In my last post I spoke about Gaming in Education, though I have no doubt that the iPad can facilitate the higher order thinking skills needed, I also thought of this as a replacement for the laptop in schools. Computer technology has become a necessary tool for both home and school learning – it keeps us connected, allows us to explore and to share our ideas, and does not constrain our learning to a 9-3 timeframe.

A huge impact on schools and systems is the financial ramification on the up keep of this technology. I don’t believe that it is viable for schools or school systems to pay for new technologies to be used on a mass scale (i.e. 1:1). Some principals and system leaders may argue that it is our duty to supply these, particularly for families who are constantly challenged with the cost of educating their child/ren. I argue that it is a government responsibility, where tax deductions or even subsidies can be given to families to help absorb this necessary this cost. The Rudd Government Laptop Initiative in Australia, beginning in April 2009, saw a huge investment into the one-to-one laptop scheme for Grade 9-12 students, as well as the Digital Education Revolution Funding for all schools K-12. Though this major injection into the economy has been received well, I don’t believe that the impact of this will be felt for many years. I believe that this was a turning point in the nations history, where we will see the greater development of tertiary industries in the years that follow, transitioning us from the depleting primary resource sectors to a more technological and scientific based country.

Greg Whitby, Executive Director for Schools for the Catholic Education Office Parramatta in his blog BYOT (Bring Your Own Technologies), gave a very interesting account into the need for more personalised technologies for student use. In examining the iPad 2 I think that it has many of the bugs worked out, where; the VGA adaptor and ability for Flash files to be played on a projector has now been rectified. And the ability to connect to the Smartboard (IWB) via wifi has been fixed.

I do think that there are some limitations with these however. The constant connection to an iTunes account (rather than a Time Machine backup to a server is an issue), and the inability for international students to use existing iTunes accounts is a REAL problem (when moving from one country to the next). However I like the ergonomics and classroom environment it promotes, particularly when they are flat on the table. However I think this is a good option too:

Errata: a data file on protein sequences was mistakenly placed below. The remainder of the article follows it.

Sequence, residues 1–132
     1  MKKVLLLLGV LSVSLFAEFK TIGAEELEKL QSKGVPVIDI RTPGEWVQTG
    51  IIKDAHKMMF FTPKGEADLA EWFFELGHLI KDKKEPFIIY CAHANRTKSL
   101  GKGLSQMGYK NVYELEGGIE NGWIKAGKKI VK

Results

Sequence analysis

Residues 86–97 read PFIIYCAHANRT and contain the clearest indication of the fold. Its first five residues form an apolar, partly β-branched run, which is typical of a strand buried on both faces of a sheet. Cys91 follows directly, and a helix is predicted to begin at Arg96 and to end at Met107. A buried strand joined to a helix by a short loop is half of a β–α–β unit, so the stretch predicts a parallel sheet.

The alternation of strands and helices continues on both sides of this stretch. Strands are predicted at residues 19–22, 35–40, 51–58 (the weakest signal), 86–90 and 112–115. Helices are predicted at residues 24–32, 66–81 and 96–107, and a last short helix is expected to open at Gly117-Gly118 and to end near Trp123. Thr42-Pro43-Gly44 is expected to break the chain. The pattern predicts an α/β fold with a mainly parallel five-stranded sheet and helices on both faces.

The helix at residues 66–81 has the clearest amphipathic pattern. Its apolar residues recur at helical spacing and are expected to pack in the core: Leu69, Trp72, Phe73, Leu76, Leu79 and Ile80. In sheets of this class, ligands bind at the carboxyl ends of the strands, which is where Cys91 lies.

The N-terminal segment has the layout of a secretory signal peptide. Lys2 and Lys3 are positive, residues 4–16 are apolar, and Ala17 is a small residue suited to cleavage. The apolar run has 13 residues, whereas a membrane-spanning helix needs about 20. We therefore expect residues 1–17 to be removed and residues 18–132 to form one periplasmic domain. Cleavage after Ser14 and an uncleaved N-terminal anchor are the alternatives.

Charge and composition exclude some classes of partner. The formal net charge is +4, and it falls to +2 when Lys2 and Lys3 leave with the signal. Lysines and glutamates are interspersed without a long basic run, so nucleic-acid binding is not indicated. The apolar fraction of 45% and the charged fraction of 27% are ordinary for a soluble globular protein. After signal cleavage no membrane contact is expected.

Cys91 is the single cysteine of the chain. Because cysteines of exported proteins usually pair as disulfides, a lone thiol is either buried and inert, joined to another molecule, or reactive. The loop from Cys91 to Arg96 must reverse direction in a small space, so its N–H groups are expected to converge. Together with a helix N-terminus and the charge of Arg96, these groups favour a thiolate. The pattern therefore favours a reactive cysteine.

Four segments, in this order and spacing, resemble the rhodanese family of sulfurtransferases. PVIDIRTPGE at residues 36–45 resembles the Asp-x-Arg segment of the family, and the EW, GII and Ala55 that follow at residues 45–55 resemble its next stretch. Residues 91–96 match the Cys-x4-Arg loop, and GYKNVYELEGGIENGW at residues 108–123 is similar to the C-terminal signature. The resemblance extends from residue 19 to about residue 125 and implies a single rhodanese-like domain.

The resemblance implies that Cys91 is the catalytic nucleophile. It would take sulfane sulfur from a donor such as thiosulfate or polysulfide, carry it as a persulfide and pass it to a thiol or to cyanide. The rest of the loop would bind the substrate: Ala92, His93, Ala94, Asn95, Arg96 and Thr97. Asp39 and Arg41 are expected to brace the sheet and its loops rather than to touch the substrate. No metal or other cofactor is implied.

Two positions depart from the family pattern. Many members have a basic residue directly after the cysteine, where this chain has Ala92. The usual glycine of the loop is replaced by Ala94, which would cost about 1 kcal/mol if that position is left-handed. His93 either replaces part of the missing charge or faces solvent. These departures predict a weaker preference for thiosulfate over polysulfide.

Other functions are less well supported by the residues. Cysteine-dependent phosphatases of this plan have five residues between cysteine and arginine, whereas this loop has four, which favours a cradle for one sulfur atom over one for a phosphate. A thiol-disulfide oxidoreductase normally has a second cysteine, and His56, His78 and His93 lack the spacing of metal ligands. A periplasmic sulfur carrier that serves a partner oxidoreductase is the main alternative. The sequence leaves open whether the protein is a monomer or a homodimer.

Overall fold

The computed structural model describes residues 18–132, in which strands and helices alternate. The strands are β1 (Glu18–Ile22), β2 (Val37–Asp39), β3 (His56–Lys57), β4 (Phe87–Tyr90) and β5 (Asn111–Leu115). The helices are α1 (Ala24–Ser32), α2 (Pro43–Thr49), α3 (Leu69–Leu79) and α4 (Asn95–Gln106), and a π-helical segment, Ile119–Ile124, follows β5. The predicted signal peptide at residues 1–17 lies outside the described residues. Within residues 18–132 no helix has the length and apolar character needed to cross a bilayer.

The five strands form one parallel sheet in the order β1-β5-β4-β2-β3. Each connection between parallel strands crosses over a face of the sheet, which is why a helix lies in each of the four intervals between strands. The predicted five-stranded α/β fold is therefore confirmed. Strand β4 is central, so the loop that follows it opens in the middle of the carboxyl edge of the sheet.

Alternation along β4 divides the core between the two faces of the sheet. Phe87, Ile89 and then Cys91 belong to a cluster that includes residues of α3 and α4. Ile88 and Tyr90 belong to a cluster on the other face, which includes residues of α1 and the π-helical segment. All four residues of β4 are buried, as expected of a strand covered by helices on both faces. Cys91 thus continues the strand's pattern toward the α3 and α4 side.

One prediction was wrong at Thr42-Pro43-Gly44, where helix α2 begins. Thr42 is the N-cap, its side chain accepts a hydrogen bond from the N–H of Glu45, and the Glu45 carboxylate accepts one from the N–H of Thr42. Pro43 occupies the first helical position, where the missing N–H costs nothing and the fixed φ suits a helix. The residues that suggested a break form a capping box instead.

Any which way, I recognise that these are a wonderful tool for learning and can’t wait to see how they will impact the teaching and learning, and ultimately the outcomes of our students. Please click on the link below for a wonderful video on iPads in Learning:

http://images.rnews.com:80/media/2010/10/6/video/3R123769.mp4

Gaming in Education

Last week I attended the European Council of International School’s (ECIS) annual I.T conference in Frankfurt. One of the key interests for many of the attending educators revolved around the release of the 2011 Horizon Report. The report itself focuses on developmental trends and the future impacts of technology within education in the next 5 years.

An aspect of the report examined the future of Game Based Learning in Education. Bill MacKenty, the Director of Technology at the American School of Warsaw, and a presenter at the conference, spoke on the impact of Gaming in education. Bill argues that there is no better way to challenge, motivate, engage or develop higher order thinking skills within our students than with the use of games, provided eductors are savy about the selection and employment of these.

Bill sees learning through ‘Play’ as the pest possible platform for learning to be more meaningful and instrinsic. This is however, nothing new. Piaget, Vygotsky and even Reggio Emilia’s Approach to developmental play in preschool education centres, prior to WWII, has impacted on education greatly, particularly in emphasising the role that the classroom environment plays in educating. What is new though, is the way in which Bill sees the context and benefits of play here in the 21st Century classroom.

David Williamson Shaffer, professor at the University of Wisconsin-Madison and the author of ‘How Computer Games Help Children Learn(2006), in his book discusses the importance of Epistemic Games: “Games which are fundamentally about learning to think in innovative ways”, and how we as educators need to challenge the fact based…, pen paper test…, how much can you remember?.., educative practises.

One of the main critisisms of Game Based Technologies in Education, is the impact (or the lack of) on the social development of our students, paricularly in high school. However, I advocate that children need to be challenged in their real world context, engaging them in their interests and allowing them to share and develop their ideas, particularly in miltiplayer games and games which are serious in nature. Take a look at the game Peacemaker….